RRC on the carpet It’s a rare day when the Texas Rail road Commission doesn’t get everything it asks for without question, but the next-to-impossible did happen when the House slashed in half the regulatory body’s request for more than half a million dollars in “emergency” funds. Watching all three commissioners complete with lawyerly retinuemaking a hand-wringing plea for the bucks and agreeing to line-item some of their fuzzily defined requests was the best show yet this session. The commission said it needed the emergency money to hire new employees and implement new policies under the federal Natural Gas Policy Act of 1978. The Senate agreed that the commission needed half a million dollars, and the bill sailed through that body with ease. It looked as if it would be the same story in the House, until a few members asked the bill’s author, Rep. Joe Hanna of Breckinridge, to be more specific about where some of the $581,000 would go. “It’s not my prerogative or duty to question what it takes for them to do their job,” Hanna said. This curious attitude didn’t set too well with El Paso Rep. Ron Coleman, who figured the Railroad Commission ought to have to itemize its request line by line, according to standard procedure for any appropriations bill. Speaker Bill Clayton was of the same persuasion, saying it was altogether proper for the House to ask for more specific and better information on where the money would be spent. In a stemwinder of a speech on the House floor, Coleman pointed out that in its own supporting document submitted with the request, the commission said it needed only $245,000 to implement the new federal act; it was not clear what the commission planned to do with the other quarter-million it asked for. Coleman also looked askance at a request for $67,327 under a category labeled “decision-making.” Coleman wondered if the $28,707 requested for utilities and $17,000 earmarked for travel had been spent for phone calls and plane tickets to Washington to lobby against the Natural Gas Policy Act. \(Spending state funds to influence legislation is forbidden under the current appropriations commissioners to answer this or other, simpler questions, such as why the commission needs an extra $16,089 for rent. The House thought Coleman’s points were well-taken, and voted 75 to 66 to give the commission only the $245,000 it said it needed to implement the NGPA. Since the Senate and House didn’t agree on the amount of money the commission should be given, the bill went to a conference committee. There, commissioner John Poerner trotted out the old bugaboo of the Bad Old Feds to rationalize his request for every bit of the $581,000, saying the full wad was needed to implement the NGPA and to make it “palatable to Texans.” Not only that, he cried, but the federal Energy Regulatory Administration is going to promulgate another regulation for crude oil in 60 to 90 days that will cause still more administrative headaches for the commission. Poerner’s “the-sky-is-falling” routine worked, and the conferees agreed to appropriate the entire $581,000. But Coleman, with the help of Rep. Matt Garcia, added an amendment that requires the itemization of commission funds and blocks the commissioners from transferring any of the half-million to other programs in the agency. It was a small victory, but an important one. Vicki Vaughan Squeezing out Shiner Drink a Shiner beer while you canit could be tough to find one after January 1, 1980, if a fast-moving Senate bill sponsored by Gene Jones of Houston makes its way into the law books. The measure includes two provisions that threaten to squeeze Texas’ last home-owned brew out of the market. The first one calls for what’s known as a “three-tier system” of distribution, from brewer to wholesaler to retailer. The idea is to stop the big brewers’ practice of by-passing wholesalers by making direct sales of their beers to retailers. That makes sense at one level \(giving independent wholesalers a chance to maintain a competitive element between large monopolistic brewers and consumwhere Shiner lives, Jones’s bill is a case of good intent producing disastrous results. This section of the bill would put the kibosh on the direct distribution system that the Spoetzl brewery has devised to help get its product to the public direct sales to consumers off the dock at its little brewery and at such Shiner wholesale outlets as the two-man operation in Austin \(Obs ., That’s bad enough, but under Jones’s SB 419 you’ll also be less likely to find a six-pack of Shiner at your local stores, thanks to a second provision that would allow beer to be sold in three new bottle sizesseven-, eightand 16-ounce bottles, in packages of six and eight. The sixand eight-packs of teensy sevenand eight-ounce bottles of beer, which will cost more per ounce than the tried and true 12-ounce six-pack now available, would mean higher profit margins for the big brewers, and the pressure to market the smaller sizes here is coming primarily from two of the most aggressive giants in the industryCoors and Philip-Morris, maker of Miller’s. These extra product lines will intensify the already-cutthroat competition for shelf space in supermarkets, liquor and convenience stores. Anheuser Busch, for example, already puts regular and light Budweiser, regular and light Michelob, and Busch Bavarian on the shelf in 12-ounce six-packs and quarts. Under the Jones bill, this industry giant can command additional space for seven-ounce versions of the same stuff. There’s only a limited number of inches on the already-crowded shelf. “Somebody’s got to go,” says a Shiner distributor, “and we’re afraid we’ll be the ones.” The result will be more size choices of the nationals, but fewer brand choices for consumers. The Shiner people aren’t taking all this lying down, but they’re getting precious little help. They did persuade Seguin Sen. John Traeger to amend the bill in committee to exempt breweries making less than 75,000 barrels annually from the three-tier system, thus allowing the brewery in Shiner to sell directly, but retail sales off the dock at Shiner distributorships would still be forbidden after the first of next year. At a Valentine’s Day hearing on the Jones bill, Marshall McHone, who with a single partner runs the Shiner distributorship in Austin, spelled out to the Senate state affairs committee what zero dock sales and less shelf space would do to his now-profitable business. Committee members were oh-so-sympathetic: “Well, I’m glad you’ve taken care of Shiner,” committee chairman Bill Moore of Bryan told Traeger; “Hang in there for the little guy,” Sen. Betty Andujar of Fort Worth told McHone. Whereupon both Andujar and Moore cast their votes with nine other members to gut Shiner distributors. Five days later, the full Senate joined in the fun by passing Jones’s bill. Only Ganado Sen. Bill Patman stood with Shiner. Vicki Vaughan 16 MARCH 2, 1979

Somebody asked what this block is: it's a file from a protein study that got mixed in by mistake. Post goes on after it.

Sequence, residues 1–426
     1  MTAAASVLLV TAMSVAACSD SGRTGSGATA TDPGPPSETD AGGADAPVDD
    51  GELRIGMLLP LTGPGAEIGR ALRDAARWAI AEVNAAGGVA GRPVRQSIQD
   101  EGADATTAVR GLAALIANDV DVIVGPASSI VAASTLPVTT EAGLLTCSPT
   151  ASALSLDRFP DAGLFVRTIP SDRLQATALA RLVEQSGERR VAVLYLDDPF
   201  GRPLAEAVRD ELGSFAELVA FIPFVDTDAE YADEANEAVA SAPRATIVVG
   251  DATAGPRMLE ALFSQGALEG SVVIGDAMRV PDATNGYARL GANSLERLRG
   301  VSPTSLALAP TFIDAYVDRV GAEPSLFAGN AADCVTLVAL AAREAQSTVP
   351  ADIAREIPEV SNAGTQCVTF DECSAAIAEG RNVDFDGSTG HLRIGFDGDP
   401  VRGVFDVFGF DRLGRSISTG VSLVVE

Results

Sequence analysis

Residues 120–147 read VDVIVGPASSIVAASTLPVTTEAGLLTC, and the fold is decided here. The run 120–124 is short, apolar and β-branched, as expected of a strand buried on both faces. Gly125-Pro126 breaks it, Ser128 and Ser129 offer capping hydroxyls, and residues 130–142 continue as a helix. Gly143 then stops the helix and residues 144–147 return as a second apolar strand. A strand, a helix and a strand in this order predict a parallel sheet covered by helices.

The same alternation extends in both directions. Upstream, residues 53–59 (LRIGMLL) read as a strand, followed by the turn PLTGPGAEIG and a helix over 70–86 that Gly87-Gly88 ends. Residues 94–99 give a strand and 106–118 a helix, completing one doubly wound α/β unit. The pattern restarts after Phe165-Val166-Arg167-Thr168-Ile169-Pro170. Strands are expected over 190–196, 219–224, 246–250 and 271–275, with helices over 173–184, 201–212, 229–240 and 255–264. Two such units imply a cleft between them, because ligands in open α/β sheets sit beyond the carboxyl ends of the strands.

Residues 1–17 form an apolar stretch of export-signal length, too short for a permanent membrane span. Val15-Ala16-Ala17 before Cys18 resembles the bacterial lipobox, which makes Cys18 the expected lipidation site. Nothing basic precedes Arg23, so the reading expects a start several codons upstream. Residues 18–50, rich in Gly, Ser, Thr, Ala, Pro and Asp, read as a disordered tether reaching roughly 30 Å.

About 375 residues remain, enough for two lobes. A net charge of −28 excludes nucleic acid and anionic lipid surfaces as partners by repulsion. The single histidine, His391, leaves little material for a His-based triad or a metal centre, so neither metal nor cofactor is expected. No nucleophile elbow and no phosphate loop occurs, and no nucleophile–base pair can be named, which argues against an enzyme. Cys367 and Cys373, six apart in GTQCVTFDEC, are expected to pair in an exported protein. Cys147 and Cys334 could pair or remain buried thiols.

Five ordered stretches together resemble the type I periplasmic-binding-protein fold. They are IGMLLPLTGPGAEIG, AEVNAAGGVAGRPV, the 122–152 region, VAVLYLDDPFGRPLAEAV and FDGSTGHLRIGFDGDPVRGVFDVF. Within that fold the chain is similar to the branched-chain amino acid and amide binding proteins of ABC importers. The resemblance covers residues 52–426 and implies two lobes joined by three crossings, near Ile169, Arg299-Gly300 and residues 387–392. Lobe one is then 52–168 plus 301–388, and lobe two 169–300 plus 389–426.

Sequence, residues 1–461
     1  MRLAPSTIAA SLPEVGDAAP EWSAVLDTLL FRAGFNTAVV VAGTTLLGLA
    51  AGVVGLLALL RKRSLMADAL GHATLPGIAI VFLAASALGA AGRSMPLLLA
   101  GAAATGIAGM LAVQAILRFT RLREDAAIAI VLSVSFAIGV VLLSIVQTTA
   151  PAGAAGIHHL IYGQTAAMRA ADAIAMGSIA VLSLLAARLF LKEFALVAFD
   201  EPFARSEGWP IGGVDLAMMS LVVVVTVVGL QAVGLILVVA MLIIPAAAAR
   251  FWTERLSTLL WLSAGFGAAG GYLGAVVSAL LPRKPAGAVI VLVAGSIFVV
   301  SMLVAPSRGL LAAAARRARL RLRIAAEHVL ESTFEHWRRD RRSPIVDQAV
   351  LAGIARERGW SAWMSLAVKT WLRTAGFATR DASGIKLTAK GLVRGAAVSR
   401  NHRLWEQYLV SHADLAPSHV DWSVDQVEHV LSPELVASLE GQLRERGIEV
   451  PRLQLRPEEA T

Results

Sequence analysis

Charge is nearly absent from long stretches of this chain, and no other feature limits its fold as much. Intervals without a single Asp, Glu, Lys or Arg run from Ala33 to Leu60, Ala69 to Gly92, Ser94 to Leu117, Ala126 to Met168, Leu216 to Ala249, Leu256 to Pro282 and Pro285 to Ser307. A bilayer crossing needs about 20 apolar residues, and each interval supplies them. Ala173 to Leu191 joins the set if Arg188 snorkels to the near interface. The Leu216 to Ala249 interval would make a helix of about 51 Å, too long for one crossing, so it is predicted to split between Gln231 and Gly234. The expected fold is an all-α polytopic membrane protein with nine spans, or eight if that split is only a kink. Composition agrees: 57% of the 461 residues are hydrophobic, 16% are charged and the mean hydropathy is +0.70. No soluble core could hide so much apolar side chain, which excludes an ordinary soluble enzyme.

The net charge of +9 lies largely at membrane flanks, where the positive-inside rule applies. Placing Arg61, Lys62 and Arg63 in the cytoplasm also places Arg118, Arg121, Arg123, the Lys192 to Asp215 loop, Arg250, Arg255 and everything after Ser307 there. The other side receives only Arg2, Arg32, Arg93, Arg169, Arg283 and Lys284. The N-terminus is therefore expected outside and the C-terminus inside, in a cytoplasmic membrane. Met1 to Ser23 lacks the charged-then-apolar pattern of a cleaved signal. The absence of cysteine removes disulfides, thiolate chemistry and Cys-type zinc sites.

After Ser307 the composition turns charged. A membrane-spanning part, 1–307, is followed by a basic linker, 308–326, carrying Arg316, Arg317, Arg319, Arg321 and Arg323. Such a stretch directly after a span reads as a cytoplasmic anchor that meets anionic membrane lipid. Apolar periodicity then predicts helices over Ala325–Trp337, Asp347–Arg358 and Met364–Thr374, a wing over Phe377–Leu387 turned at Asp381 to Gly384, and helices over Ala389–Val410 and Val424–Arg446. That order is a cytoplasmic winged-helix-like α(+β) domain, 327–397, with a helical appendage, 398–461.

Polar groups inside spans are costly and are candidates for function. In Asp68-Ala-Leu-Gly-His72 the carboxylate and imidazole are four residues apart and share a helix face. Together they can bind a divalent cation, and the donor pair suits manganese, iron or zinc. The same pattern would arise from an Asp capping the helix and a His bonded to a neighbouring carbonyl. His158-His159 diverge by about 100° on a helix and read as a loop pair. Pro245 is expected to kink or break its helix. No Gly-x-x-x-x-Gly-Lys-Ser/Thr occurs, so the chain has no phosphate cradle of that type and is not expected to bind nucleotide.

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The Texas Rangers are tasked with investigating corruption and crimes by public officials. Those officials are rarely held accountable.